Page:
Maha Navami is observed on the ninth day of the Shukla Paksha (waxing phase of moon) of Ashwin month. Maha Navami 2011 date is October 5. It is the ninth and the final day of nine-day Navratri Festival. Mahanavami is also the penultimate day of Durga Puja.

The rituals associated with Navratri Maha Navami vary from region to region. In South India, Maha Navami is observed as Ayudha Puja. All books, utensils and tools are kept for puja.

Maha Navami rituals are the final rituals associated with Durga Puja. The next day is Durga Murti Visarjan or immersion. A major bhog is held on the day and Prasad is offered to Goddess Durga. Food items prepared on the day is shared by devotees.

In some regions, animal sacrifice is held on the day. But this ritual is discouraged by many people today and is also banned by the government. But it is still held in rural regions and famous Durga Mata and Kali Mata Temple.

Vijayadasami 2011..

Vijayadasami is the last day of the 10-day Dasara festival and the day after the nine-day Navratri festival. The murtis of Goddess Durga are immersed on the day. Vijayadasami 2011 date is October 6. Vijaya Dasami is observed as Vidayarambham in Kerala. Saraswati Puja comes to an end in many regions with Saraswati Balidan Puja. Vijayadasami 2011 date was October 6.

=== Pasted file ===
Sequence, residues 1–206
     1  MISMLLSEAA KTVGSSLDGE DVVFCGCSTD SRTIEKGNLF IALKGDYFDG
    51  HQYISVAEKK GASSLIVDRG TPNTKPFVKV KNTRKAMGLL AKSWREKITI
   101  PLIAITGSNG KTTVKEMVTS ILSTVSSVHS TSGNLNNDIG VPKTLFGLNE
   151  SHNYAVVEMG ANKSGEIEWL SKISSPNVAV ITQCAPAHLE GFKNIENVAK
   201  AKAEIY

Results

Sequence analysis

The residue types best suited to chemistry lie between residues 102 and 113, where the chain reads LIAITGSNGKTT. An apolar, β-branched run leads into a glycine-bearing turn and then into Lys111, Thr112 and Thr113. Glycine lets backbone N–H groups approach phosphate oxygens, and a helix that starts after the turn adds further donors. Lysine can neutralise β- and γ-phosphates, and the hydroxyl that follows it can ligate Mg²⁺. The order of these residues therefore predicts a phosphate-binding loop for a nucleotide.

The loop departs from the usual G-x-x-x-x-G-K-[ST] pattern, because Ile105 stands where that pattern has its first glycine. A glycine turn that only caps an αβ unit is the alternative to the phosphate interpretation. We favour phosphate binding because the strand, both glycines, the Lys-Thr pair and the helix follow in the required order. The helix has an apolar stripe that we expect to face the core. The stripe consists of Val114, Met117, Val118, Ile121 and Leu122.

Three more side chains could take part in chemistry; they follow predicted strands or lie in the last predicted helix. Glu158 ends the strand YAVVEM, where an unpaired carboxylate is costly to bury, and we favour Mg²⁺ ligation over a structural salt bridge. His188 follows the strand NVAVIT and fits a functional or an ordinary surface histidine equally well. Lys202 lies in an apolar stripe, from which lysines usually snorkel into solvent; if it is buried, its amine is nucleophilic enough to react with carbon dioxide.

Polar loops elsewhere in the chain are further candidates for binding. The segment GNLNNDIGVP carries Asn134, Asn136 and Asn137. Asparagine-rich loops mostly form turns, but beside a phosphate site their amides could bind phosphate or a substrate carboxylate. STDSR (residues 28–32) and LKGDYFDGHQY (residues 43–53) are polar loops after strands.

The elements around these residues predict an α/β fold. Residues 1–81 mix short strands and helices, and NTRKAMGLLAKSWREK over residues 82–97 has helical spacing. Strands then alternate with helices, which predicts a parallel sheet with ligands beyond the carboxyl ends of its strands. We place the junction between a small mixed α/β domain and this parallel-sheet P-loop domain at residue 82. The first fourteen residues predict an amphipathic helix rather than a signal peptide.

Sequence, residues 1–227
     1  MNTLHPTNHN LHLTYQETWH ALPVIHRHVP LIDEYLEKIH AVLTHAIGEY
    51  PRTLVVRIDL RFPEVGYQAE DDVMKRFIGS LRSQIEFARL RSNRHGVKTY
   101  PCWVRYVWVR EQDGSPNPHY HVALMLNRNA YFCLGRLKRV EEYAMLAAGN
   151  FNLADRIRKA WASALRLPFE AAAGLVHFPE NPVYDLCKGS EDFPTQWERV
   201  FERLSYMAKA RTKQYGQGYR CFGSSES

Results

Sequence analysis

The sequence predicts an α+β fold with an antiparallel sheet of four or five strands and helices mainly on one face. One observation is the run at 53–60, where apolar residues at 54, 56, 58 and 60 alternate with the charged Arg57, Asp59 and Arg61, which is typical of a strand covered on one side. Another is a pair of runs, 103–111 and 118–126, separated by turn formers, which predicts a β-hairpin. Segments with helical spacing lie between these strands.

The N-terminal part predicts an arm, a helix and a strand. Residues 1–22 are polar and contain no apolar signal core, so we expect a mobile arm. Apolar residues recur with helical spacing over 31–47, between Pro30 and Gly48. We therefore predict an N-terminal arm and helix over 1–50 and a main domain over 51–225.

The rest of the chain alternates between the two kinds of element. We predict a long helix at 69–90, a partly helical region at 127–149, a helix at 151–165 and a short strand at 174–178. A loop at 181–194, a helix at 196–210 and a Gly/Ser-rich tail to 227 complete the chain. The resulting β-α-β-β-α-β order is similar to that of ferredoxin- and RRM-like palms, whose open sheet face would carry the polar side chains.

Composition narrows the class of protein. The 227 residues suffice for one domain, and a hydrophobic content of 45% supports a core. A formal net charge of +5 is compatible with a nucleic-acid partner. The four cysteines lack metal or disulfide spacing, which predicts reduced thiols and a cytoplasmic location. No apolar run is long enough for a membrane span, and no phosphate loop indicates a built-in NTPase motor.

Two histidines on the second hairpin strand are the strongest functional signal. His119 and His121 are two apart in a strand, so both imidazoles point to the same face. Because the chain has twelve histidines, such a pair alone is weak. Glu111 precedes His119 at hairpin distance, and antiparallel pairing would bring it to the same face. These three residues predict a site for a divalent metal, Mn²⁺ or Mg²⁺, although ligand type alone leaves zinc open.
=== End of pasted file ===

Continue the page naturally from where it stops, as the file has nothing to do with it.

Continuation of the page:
Symbolically, Vijayadasami is the victory of Good over Evil – Goddess Durga annihilating Demon Mahisha and Lord Ram defeating Ravana. 

Symbolically, these wars are the prolonged struggle against the ego and ignorance in each human being. After the struggle there is the day of new beginning – Vijaya Dasami.

Goddess Durga Murtis worshipped during Durga Puja are immersed in water on the day.



Dasara 2011 date

Dasara is observed on the tenth day of the waxing phase of moon in Ashwin month. Dasara 2011 date is October 6. Dasara marks the end of the Navratri festival and Durga Puja. Symbolically, Dasara is the victory of good over evil. The most colorful and popular Dasara festival takes place in Mysore in Karnataka and in North India.

In Karnataka, especially in Mysore, Dasara festivals are held for 10-days and the final day celebrates the victory of Goddess Chamundi or Goddess Chamudeswari over Demon Mahishasura. Here the 10-day festival is known as Dasara – not just the final day.

In North India, Dasara is believed to be the day when Lord Ram annihilated Ravana. On the final day of Dasara celebrations, huge effigies of Ravana, Kumbakarna and Meghnath are burned.

Dasara is also observed as Vijaya Dasami in many regions in India. There is only a change in name – both the festival marks the victory of good over evil. In Bengal, Goddess Durga immersion or Visarjan takes place on the day.